This paper reports the feasibility of optical coherence tomography (OCT) technology for inspection of bonding quality of microfluidic devices in manufacturing environments. A compact optical-fiber-based OCT is developed and its measurement performance is characterized. A series of microfluidic devices respectively bonded by adhesive tape, thermal method, and oxygen plasma, are inspected. The defects of geometry deformation and sealing completeness are emphasized during measurements. Based on the inspection results, some discoveries related to the production of microfluidic devices are discussed.
We present a way to identify distortions of transparent
micro-patterned substrates using a desktop document scanner and
a set of image processing routines. The method requires neither expensive optical equipment nor precise positioning of
the part. It is therefore ideally suited to rapid process monitoring. A 5000-dpi imagesetter is used to print a square
reference grid of lines having a known pitch ~100 μm. This reference pattern is used to produce a hard stamp that is
subsequently embossed into a sheet of thermoplastic polymer. The pattern transferred to the polymer may include
distortions resulting from contraction of the sheet after separation from the stamp. To measure these distortions, the
embossed polymeric part is placed on a document scanner. The reference grid is laid on top of the part and rotated by
hand until moire fringes are seen. At least two scans are made, each with a different relative reference-part rotation. For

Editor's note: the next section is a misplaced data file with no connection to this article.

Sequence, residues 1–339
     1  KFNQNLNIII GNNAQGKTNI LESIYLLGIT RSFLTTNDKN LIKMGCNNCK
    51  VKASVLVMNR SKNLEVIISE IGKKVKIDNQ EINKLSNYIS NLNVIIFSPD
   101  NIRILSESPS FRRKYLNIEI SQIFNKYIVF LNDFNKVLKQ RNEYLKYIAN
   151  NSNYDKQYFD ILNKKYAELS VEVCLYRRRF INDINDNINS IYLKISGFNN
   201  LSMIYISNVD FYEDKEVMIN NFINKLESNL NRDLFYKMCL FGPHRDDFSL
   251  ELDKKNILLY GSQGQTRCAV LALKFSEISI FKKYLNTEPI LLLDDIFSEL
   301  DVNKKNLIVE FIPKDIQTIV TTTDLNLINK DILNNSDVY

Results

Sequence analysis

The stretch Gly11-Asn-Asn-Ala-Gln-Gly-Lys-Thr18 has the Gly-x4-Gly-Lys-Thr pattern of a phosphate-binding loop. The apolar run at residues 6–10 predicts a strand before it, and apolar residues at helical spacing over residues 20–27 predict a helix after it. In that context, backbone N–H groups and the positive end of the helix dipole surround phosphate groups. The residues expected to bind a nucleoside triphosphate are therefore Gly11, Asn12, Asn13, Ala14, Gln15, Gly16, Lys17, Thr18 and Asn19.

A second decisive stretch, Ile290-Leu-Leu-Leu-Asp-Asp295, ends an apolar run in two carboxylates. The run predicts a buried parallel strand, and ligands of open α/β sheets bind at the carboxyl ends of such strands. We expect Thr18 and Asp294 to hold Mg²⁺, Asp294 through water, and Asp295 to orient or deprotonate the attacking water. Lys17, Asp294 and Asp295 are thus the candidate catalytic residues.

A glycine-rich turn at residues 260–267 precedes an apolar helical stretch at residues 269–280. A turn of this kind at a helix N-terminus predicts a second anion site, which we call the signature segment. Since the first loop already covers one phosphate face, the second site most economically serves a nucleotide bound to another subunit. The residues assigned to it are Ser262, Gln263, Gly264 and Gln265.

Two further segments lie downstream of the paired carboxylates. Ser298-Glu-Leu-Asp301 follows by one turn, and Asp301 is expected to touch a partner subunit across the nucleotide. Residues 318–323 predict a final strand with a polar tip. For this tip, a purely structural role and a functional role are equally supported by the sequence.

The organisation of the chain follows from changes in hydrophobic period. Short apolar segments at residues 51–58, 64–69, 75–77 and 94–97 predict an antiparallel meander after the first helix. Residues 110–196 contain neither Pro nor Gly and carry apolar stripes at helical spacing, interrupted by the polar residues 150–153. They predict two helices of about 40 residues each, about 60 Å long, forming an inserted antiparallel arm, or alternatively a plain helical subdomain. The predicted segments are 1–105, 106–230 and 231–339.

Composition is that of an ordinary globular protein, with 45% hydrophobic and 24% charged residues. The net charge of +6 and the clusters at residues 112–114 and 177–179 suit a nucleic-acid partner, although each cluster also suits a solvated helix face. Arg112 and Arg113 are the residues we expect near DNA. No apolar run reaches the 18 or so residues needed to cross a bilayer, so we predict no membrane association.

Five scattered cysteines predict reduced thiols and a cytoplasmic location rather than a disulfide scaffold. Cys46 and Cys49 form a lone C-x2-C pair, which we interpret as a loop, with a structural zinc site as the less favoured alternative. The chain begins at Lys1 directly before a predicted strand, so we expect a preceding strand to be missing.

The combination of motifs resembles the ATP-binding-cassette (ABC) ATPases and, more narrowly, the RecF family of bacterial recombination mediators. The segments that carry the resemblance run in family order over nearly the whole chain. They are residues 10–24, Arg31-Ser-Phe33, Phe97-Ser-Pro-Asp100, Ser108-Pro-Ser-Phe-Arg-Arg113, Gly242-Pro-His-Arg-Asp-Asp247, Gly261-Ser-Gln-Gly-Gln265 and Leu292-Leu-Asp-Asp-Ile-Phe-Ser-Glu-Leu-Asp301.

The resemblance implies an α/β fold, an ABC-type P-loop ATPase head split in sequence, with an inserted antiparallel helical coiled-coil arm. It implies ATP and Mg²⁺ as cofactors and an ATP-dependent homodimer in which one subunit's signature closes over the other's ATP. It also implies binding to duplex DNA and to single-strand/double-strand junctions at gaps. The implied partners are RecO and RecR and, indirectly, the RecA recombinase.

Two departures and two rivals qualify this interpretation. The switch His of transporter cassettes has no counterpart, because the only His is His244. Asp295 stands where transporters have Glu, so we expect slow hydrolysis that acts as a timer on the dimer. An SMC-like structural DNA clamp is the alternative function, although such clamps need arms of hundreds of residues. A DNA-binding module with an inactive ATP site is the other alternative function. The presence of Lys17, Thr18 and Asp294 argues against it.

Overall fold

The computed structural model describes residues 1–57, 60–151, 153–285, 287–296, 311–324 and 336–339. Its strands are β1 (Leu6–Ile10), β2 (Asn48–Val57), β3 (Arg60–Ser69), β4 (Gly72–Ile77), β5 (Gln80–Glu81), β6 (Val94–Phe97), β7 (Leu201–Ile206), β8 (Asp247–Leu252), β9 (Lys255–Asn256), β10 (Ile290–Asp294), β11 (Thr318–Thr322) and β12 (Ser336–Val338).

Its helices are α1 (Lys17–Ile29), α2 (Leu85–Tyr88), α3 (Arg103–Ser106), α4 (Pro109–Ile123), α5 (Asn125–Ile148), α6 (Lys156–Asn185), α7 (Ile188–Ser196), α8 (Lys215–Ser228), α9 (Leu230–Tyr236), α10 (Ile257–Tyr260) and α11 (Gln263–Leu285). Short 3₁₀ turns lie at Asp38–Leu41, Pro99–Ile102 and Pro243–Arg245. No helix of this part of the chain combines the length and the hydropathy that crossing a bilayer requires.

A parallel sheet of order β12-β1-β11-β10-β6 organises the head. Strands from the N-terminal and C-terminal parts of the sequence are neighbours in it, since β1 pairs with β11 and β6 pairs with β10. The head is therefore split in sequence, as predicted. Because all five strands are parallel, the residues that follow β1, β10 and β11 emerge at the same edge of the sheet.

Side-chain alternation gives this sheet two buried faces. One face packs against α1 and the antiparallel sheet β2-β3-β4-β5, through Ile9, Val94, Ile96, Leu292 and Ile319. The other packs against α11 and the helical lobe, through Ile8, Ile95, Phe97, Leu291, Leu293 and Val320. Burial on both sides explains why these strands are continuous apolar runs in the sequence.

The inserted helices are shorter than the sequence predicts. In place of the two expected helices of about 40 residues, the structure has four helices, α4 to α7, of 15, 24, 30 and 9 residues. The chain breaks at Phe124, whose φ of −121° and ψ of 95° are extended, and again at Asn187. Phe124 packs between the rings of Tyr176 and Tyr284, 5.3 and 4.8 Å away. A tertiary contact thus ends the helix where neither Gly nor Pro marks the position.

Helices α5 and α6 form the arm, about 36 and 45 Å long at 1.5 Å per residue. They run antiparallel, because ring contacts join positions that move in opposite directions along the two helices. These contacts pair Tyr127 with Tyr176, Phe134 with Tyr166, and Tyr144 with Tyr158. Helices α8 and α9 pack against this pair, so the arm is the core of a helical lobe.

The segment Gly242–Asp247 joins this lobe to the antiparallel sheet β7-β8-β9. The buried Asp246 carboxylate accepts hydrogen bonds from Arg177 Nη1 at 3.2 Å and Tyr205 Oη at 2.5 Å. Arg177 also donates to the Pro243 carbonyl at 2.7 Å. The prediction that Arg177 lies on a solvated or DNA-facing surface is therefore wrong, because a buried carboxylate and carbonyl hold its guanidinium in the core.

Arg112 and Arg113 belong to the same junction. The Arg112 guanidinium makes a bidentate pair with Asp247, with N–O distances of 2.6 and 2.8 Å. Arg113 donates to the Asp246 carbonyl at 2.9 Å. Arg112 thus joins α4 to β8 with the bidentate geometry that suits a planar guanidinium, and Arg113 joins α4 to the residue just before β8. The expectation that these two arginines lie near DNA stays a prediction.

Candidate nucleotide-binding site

each scan, the orientation of the part relative to the reference grid may be arbitrarily chosen within an allowable range of
a few degrees. These orientations may be extracted from the captured images, and, together with the moire fringes'
orientations and spacings, provide enough information to obtain the part's distortions. Estimates of part strains may be
improved, at the expense of measurement time, by capturing more images. The approach can detect isotropic shrinkage
of the part with a strain resolution ~10-3.
Microfluidic devices play a crucial role in biology, life sciences and many other fields. Three aspects have to be
considered in production of microfluidic devices: (i) material properties before and after processing, (ii) tooling and
processing methodologies, and (iii) measurements for process control. This paper presents a review of these three areas.
The key properties of materials are reviewed from both the production and device performance point of views in this
paper. The tooling and processing methodologies considered include both the direct tooling methods and the mold based
processing methods. The response of material on the production parameters during hot embossing process are simulated
for process control and product quality prediction purpose. Finally, the measurements for process control aspect discuss
different measurement approaches, especially the defect inspection, critical dimensional measurements, bonding quality
characterization and checking functionality. Simulation and experimental results are used throughout the paper to
illustrate the effectiveness of such approaches.